1. How does this episode relate to other episodes?

 

3:  Episode six was based on noise, which Krukowski described as the unwanted sound in the background.  The author uses podcast to explain to listeners the importance of each episode. Listening to different noises and signals is apart of our everyday life, the author wants us to understand sound noise and signals. Throughout the podcast we listened to him speak about listening and understanding music. Music has noises and signals and that’s how this episode relates to the others.

Discussion Questions 5

1. Real time is lived time, time as we experience it in the analog world. It can change according to the mood we are in. But the digital time is not lived time, it’s machine time. According to Krukowski, digital time makes everything more regular than lived time and it makes us less unified.
2. When he says that listening has a lot to do with how we navigate space, Krukowski meant that listening is the way we understand where we are. We can use the sounds in our space to understand where we are and where we are going.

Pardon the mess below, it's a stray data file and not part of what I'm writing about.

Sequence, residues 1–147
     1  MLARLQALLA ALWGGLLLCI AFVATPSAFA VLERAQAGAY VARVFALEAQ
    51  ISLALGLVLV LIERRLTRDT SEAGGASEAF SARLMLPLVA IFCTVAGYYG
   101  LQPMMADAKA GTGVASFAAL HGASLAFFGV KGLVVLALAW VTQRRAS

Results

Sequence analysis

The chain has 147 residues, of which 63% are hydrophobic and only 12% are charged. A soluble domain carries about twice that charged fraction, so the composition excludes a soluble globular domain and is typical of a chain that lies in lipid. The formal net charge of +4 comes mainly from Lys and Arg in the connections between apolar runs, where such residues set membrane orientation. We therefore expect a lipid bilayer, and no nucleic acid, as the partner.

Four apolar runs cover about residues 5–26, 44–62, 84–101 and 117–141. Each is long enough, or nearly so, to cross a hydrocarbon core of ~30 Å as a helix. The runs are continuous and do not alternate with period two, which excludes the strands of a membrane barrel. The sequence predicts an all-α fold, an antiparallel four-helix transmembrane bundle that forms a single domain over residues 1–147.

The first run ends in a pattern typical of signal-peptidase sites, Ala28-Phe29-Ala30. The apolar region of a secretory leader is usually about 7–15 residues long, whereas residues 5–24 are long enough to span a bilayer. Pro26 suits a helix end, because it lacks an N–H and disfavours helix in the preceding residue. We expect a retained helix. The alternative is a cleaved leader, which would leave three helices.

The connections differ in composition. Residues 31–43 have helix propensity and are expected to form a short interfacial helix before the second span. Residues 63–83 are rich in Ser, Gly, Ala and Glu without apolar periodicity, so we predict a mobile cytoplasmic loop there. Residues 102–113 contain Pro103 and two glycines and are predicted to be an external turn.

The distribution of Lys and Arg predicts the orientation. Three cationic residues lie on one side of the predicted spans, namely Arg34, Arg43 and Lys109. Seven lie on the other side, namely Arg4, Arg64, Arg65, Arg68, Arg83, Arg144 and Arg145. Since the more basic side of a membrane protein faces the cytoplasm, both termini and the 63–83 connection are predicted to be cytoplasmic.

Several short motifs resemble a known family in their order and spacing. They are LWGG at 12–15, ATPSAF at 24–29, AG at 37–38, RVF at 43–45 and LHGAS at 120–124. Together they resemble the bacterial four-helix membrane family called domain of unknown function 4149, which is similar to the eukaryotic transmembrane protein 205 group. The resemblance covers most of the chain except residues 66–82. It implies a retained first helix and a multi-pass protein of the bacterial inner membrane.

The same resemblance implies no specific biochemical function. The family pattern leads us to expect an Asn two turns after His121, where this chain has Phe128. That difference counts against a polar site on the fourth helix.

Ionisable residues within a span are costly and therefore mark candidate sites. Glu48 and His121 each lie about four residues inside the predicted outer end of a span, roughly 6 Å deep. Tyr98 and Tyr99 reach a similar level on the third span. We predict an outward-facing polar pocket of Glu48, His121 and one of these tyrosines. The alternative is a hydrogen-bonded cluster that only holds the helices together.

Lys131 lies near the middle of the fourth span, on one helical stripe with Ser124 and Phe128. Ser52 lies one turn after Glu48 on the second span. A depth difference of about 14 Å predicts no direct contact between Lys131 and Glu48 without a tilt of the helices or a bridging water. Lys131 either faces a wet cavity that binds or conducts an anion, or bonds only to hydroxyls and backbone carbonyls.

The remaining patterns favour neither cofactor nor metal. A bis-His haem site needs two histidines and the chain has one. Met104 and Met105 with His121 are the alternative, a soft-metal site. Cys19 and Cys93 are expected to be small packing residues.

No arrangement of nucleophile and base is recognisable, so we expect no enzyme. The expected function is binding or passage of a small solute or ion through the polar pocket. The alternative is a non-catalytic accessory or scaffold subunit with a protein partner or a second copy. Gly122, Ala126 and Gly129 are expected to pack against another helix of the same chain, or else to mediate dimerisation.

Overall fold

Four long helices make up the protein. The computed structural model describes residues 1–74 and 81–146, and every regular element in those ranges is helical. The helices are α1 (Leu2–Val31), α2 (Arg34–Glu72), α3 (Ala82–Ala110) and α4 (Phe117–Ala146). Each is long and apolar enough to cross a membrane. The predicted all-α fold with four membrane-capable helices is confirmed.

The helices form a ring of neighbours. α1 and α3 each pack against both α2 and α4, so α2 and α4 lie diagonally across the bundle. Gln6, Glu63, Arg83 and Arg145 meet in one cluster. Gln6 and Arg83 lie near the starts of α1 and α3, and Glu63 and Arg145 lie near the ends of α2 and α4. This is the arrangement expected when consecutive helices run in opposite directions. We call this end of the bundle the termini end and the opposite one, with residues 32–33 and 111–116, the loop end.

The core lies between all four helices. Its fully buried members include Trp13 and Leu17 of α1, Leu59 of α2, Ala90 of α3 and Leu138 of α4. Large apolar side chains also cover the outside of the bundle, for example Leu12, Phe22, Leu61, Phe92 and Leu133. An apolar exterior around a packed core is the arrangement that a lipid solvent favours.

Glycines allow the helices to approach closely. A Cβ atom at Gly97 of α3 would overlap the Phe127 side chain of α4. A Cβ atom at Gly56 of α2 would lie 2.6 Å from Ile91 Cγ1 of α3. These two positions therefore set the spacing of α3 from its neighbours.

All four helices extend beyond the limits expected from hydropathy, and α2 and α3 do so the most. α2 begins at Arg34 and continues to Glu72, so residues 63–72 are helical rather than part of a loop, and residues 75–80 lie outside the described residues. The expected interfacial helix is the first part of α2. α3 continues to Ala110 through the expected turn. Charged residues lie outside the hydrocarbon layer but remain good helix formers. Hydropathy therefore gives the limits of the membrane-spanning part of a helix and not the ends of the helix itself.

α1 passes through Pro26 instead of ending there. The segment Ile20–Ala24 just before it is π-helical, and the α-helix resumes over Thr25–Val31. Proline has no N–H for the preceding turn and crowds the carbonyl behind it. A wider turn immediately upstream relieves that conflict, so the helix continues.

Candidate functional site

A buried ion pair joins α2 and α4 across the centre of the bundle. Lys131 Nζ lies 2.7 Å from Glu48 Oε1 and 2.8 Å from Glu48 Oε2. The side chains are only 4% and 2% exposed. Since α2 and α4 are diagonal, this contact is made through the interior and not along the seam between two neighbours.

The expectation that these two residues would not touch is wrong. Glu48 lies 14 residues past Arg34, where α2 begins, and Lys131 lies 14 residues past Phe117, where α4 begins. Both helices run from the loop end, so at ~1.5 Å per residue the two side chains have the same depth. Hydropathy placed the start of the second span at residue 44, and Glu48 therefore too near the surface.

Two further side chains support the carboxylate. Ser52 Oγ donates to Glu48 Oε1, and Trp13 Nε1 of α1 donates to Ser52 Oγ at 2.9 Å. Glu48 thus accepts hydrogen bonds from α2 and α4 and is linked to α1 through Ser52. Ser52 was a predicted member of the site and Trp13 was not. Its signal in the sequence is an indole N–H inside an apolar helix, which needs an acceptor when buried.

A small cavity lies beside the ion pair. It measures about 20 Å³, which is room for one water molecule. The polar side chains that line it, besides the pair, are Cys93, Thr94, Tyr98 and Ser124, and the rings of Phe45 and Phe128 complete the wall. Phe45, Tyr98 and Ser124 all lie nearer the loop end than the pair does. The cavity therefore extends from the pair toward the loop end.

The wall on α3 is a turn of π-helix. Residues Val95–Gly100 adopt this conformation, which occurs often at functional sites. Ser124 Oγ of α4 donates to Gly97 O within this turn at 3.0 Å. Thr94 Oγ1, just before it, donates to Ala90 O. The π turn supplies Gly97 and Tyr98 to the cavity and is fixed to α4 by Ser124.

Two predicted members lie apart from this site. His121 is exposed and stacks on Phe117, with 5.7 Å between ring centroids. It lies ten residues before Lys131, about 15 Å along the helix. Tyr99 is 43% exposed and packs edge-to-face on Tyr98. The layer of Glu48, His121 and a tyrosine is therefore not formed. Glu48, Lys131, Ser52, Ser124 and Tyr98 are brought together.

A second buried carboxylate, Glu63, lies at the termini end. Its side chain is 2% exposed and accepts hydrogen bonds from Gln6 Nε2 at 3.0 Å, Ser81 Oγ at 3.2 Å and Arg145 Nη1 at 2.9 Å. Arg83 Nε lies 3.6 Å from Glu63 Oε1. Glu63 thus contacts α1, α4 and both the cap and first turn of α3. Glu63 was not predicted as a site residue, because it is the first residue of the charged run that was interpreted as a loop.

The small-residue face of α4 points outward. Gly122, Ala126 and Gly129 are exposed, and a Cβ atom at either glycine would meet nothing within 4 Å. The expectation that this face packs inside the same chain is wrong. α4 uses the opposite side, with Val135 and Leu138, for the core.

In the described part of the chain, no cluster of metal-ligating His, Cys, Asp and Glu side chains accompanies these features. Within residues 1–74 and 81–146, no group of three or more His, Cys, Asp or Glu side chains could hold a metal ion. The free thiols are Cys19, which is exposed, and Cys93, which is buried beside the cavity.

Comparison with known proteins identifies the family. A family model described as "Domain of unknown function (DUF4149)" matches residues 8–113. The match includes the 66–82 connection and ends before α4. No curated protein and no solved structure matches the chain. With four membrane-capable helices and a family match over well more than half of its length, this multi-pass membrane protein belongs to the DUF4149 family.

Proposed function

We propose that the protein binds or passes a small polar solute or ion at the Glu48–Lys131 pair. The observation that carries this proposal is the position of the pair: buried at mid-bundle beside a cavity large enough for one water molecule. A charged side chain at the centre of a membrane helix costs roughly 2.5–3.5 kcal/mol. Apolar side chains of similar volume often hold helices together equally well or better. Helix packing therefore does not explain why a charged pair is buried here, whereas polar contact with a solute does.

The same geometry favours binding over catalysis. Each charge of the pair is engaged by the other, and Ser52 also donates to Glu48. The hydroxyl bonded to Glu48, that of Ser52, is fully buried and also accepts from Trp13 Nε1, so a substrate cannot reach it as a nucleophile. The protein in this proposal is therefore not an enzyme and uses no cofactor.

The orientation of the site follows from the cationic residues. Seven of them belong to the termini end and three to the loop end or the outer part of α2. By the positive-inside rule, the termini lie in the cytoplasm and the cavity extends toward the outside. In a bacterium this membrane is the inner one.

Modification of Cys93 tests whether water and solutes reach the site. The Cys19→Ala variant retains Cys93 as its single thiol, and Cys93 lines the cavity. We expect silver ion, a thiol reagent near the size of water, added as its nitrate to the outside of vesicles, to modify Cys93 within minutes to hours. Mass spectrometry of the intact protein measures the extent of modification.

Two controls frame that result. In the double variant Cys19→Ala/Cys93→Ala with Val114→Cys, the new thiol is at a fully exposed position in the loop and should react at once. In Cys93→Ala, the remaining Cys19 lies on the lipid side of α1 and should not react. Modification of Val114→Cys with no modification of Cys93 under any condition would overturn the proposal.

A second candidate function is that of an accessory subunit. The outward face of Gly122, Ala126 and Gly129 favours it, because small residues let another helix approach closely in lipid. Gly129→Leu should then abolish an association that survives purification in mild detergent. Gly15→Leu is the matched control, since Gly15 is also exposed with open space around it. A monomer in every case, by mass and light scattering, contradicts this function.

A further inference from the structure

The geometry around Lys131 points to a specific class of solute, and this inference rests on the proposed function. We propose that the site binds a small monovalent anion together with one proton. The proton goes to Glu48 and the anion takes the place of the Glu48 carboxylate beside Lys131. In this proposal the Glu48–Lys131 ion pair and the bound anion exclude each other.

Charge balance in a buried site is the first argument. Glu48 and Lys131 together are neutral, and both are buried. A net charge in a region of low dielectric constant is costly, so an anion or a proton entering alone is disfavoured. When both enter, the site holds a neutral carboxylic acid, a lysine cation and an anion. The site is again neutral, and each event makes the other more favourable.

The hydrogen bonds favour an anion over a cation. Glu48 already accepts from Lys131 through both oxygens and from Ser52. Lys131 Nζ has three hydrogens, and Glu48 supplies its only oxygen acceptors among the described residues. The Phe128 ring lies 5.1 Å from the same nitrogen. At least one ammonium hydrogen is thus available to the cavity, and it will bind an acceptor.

3. In a public place, anyone who wants can be there, people cannot be banned from there. That’s why Astor places can still be considered as public places. But by putting signs there, like no skateboard, they are limiting people and dictating how people use the space.
4. Since New York is in a nonstop change, it’s very difficult to control the sounds. For this reason, the concert halls were developed to keep the unwanted sounds outside and to allow us to listen to music in the best quality. This is very likely to earbuds and headphones, which are there for the same reason individually.
5. In my opinion, sounds play an important role in determining our experience in our space. Our experience in the same space can easily change if sounds change. We can enjoy the sounds of a city, even the car horns, or we can put our headphones and have a completely different

Discussion questions #5

Ways of Hearing, Episode 1 & 2

Episode 1

What is Krukowski’s main point about how we experience time in the “real” world versus are experiences with “digital” time? Why are these differences significant?

According to Radiotopia First showcase series: “Ways of Hearing” by Krukowski point out a digital audio change our perception and our sense of time. The difference between real-time and digital time. Real-time is our lifetime but the digital audio has digital time. 

What does Krukowski mean when he says that listening has a lot to do with how we navigate space?